"The elegant, graceful, and deeply humanistic cinema of Gosho Heinosuke has found its perfect English-language explication in this equally elegant, graceful, and humanistic study by Arthur Nolletti. A director of wide-ranging interests, Gosho was at his strongest in stories of ordinary Japanese life. Like Mizoguchi he had a particular strength and sensitivity to women's issues; like Ozu he was a delicate yet piercing commentator on middle-class life. But he had a voice and style of his own, and Nolletti is careful to define and describe this sensibility in telling detail." -- David Desser
Through close readings of the most significant films of Gosho Heinosuke and descriptions of their historical, social, and industrial contexts, Arthur Nolletti illuminates the work of this important director. The careful attention Gosho gave to even the smallest gestures and nuances of character and emotion is matched by the breadth of Nolletti's research and the depth of his understanding. His analysis illustrates the important influence of Gosho's unique style and sensibility on cinematic form in Japan and beyond.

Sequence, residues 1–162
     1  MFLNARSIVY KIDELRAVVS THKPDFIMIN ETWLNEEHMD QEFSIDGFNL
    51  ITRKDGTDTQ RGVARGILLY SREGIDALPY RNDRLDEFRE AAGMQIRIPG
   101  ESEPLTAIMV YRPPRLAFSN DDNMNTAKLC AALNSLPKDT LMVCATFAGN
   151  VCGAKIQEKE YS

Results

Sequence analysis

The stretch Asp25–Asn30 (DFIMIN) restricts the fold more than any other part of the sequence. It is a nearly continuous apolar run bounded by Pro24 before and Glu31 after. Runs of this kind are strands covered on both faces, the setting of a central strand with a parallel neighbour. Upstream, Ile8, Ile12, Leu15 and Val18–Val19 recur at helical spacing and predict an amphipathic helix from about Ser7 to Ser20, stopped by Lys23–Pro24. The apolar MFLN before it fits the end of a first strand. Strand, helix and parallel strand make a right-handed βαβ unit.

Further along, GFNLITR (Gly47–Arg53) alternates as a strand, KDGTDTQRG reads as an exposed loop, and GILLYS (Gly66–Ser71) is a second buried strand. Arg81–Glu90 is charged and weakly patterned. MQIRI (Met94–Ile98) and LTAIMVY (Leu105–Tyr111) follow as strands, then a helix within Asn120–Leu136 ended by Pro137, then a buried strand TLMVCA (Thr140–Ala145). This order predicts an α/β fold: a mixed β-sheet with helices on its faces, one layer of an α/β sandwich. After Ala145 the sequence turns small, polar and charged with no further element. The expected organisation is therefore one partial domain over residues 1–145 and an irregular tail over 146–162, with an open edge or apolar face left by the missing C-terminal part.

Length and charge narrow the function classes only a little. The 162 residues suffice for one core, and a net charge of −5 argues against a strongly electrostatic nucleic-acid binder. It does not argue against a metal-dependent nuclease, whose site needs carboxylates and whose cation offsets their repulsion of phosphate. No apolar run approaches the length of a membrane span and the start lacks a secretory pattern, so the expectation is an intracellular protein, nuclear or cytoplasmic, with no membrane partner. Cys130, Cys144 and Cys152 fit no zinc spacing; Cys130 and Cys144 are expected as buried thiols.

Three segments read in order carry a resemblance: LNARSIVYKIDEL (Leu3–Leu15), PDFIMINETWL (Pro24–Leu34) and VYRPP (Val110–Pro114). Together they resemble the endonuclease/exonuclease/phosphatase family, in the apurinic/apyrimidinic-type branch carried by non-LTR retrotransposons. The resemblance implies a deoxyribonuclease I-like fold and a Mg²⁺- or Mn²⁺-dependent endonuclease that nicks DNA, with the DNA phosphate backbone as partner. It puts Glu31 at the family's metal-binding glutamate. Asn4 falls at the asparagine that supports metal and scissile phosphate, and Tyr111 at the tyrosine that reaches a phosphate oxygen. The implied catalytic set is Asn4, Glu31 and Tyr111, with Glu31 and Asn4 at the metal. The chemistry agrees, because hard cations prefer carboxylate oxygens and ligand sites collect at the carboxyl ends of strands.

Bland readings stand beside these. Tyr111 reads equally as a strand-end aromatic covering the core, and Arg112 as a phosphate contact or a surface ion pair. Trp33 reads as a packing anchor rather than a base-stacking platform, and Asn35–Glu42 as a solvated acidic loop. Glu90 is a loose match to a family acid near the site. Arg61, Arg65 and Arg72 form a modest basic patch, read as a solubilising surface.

With this work Nolletti (English, Framingham State College) closes a gap in the anglophone literature on the history of Asian cinema. . . . Nolletti's intention is that this book, which includes a useful filmography, will inspire further research on this great filmmaker, and it is certain to do so. Summing Up: Essential. Readers at all levels. December 2005--Choice